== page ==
John of Leiden  

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"I flew me over to Munster in Germany, which an Anabaptistical brother named John Leyden kept at that instant against the Emperor and the Duke of Saxony. Here I was in good hope to set up my staff for some reasonable time, deeming that no city would drive it to a siege except they were able to hold out, and prettily well had these Munsterians held out, for they kept the Emperor and the Duke of Saxony play for the space of a year, and longer would have done but that Dame Famine came amongst them, whereupon they were forced by messengers to agree upon a day of fight when, according to their Anabaptistical error they might all be new christened in their own blood." --The Unfortunate Traveller by Thomas Nashe, describing the events of the Münster Rebellion.

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John of Leiden (born Johan Beukelszoon; 2 February 1509 – 22 January 1536) was a Dutch Anabaptist leader who moved to Münster in 1533, capital of the Prince-Bishopric of Münster, where he became an influential prophet, turned the city into a millenarian Anabaptist theocracy, and proclaimed himself King of New Jerusalem in September 1534. The insurrection was suppressed in June 1535 after Prince-Bishop Franz von Waldeck besieged the city and captured John. John was tortured to death in the city's central marketplace on 22 January 1536, along with Bernhard Knipperdolling and Bernhard Krechting.


Raised in poverty, young John became a charismatic leader who was widely revered by his followers. According to his own testimony, he went to the German city of Münster, arriving in 1533, because he had heard there were inspired preachers there. He sent for Jan Matthys, who had baptized him, to come. After his arrival Matthys – recognized as a prophet – became the principal leader in the city. Following a failed military attempt on Easter Sunday 1534, in which Matthys died, John of Leiden became King of Münster until its fall in June of 1535. The conventional view is that he set up in Münster a polygamous theocracy, best known for a law John passed stating that any unmarried woman must accept the first or any requests for a husband, with the result that men competed to acquire the most wives. Some sources report that John himself took sixteen wives, and that he publicly beheaded one of his wives after she rebelled against his authority. Karl Kautsky however, in his Communism in Central Europe at the Time of the Reformation, notes that this picture of Anabaptist Münster is based almost entirely on accounts written by the Anabaptists' enemies, who sought to justify their bloody reconquest of the city. Kautsky's reading of the sources emphasizes the Anabaptists' emphasis on social equality, political democracy, and communal living during the time of John's nominal rule.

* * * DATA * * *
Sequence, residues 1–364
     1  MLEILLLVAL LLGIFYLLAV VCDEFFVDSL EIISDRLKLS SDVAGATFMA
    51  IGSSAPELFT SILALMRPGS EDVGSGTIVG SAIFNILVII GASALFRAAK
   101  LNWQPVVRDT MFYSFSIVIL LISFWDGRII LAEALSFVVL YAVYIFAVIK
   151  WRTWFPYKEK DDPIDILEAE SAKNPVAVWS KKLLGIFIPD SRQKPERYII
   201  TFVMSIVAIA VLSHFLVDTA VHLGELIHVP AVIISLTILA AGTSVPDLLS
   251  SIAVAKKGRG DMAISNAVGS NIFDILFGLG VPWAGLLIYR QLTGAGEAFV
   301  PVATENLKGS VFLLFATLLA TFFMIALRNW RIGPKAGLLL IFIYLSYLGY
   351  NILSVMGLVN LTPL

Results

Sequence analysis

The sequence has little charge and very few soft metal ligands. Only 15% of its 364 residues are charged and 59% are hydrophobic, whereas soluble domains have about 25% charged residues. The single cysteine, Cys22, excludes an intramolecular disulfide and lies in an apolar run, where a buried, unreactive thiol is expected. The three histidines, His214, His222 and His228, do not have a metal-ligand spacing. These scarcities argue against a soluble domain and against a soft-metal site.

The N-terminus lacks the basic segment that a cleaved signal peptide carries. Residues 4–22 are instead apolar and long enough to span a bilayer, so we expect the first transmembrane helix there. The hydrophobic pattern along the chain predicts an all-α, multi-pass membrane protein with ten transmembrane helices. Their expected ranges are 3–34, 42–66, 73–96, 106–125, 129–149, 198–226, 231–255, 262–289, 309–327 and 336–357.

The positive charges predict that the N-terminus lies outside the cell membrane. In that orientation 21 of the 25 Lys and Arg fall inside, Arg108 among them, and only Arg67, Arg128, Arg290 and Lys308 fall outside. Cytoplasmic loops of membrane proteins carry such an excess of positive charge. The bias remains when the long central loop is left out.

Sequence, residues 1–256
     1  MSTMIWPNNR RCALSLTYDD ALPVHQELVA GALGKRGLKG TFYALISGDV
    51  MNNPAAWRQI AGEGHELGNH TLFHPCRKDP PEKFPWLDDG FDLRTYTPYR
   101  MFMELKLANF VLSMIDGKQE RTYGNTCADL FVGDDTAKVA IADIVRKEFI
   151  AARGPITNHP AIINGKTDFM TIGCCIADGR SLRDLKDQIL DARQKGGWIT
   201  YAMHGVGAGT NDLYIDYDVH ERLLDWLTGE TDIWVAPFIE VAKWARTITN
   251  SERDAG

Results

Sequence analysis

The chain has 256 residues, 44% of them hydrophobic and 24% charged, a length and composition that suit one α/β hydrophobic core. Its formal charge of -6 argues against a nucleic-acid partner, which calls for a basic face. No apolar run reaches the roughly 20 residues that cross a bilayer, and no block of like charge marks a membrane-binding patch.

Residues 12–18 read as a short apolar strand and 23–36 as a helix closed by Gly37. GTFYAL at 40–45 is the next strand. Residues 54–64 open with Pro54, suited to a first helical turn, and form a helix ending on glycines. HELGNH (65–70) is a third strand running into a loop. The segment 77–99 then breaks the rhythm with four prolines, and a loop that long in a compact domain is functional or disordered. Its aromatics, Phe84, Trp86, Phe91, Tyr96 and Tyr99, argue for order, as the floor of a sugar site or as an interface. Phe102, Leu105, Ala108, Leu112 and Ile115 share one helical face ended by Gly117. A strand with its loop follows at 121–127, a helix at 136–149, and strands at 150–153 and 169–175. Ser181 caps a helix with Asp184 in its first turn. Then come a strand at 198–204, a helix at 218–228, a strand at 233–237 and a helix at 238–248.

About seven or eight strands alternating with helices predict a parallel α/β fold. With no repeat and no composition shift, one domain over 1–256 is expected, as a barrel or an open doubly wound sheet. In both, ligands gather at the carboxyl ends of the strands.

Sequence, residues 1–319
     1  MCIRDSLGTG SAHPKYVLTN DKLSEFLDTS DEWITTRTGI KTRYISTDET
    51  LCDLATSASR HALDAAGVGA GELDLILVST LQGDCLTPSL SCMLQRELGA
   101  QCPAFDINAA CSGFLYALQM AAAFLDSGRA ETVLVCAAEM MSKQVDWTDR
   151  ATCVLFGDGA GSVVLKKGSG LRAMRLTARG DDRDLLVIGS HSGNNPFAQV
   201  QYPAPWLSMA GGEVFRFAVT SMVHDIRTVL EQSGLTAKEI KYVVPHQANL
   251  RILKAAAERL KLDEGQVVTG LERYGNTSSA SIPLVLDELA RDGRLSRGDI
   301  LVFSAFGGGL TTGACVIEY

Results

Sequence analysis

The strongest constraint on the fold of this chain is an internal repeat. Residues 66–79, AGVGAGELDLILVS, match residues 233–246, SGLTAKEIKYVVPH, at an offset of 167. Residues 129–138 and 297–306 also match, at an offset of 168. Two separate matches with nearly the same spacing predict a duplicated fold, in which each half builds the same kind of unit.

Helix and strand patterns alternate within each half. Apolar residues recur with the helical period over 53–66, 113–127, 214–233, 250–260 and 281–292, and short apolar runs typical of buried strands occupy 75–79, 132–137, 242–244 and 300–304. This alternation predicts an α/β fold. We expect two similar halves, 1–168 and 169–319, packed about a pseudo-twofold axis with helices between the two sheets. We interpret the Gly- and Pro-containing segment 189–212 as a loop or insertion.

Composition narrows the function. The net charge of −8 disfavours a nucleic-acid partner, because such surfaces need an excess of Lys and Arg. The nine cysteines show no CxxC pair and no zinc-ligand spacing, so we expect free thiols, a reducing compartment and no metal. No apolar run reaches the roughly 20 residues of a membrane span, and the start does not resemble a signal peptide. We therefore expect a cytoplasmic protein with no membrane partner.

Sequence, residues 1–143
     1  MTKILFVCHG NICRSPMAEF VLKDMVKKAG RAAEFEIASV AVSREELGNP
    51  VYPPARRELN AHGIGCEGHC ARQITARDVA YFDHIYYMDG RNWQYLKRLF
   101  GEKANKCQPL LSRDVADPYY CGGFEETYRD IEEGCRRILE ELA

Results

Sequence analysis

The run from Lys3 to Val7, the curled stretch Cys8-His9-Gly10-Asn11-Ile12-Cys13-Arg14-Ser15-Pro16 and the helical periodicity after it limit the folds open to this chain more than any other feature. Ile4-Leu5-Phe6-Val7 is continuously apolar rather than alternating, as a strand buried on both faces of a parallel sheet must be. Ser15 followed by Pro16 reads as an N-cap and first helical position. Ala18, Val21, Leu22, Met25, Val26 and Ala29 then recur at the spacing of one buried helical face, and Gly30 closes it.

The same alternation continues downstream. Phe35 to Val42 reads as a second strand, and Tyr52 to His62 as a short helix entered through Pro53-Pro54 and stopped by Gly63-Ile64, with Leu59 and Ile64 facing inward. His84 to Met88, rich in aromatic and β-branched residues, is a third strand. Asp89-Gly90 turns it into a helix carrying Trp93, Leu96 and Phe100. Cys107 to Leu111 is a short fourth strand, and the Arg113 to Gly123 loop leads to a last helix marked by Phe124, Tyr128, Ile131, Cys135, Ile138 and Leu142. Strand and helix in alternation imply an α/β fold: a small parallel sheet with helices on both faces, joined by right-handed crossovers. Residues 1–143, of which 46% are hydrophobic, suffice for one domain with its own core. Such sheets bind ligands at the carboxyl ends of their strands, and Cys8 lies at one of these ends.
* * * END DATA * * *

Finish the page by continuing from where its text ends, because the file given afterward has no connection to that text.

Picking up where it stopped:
The army of Münster was defeated in 1535 by the prince bishop Franz von Waldeck, and John of Leiden was captured, found in a cellar of a house and then was taken to a dungeon in Dülmen, then brought back to Münster. On January 22, 1536, along with Bernhard Krechting and Bernhard Knipperdolling, he was tortured and then executed. Each attached to a pole by an iron spiked collar, their bodies were ripped with red-hot tongs for the space of an hour. After Knipperdolling saw the process of torturing John of Leiden, he attempted to kill himself with the collar, using it to choke himself. The executioner tied him to the stake to make it impossible after that. After the burning, their tongues were pulled out with tongs before each was killed with a burning dagger thrust through the heart. Their bodies were raised in three cages above St. Lambert's Church, the remains left to rot. Their bones were removed about 50 years later, but the cages have remained into the 21st century.

In proverb, on stage and in fiction

John's name still lives on in the Netherlands in the saying Template:Lang (literally: Template:Lang), which means not putting too much effort (or any effort) into something.

The opera Le prophète (1849) by Giacomo Meyerbeer features John as its hero. It involves the capture of Munster (Acts III and IV), John's coronation as God's elect at the cathedral (Act IV), and its finale is set in John's palace in Münster.

John also features in Luther Blissett's novel, Q.

John Leiden features in Thomas Nashe's The Unfortunate Traveller (1594), whose hero, Jack Wilton, satirically describes the siege of Munster and Leiden's death.

John (as Jan Bockelson) is one of the main protagonists in the play Die Wiedertäufer by Friedrich Dürrenmatt

See also

Unless indicated otherwise, the text in this article is either based on Wikipedia article "John of Leiden" or another language Wikipedia page thereof used under the terms of the GNU Free Documentation License; or on research by Jahsonic and friends. See Art and Popular Culture's copyright notice.

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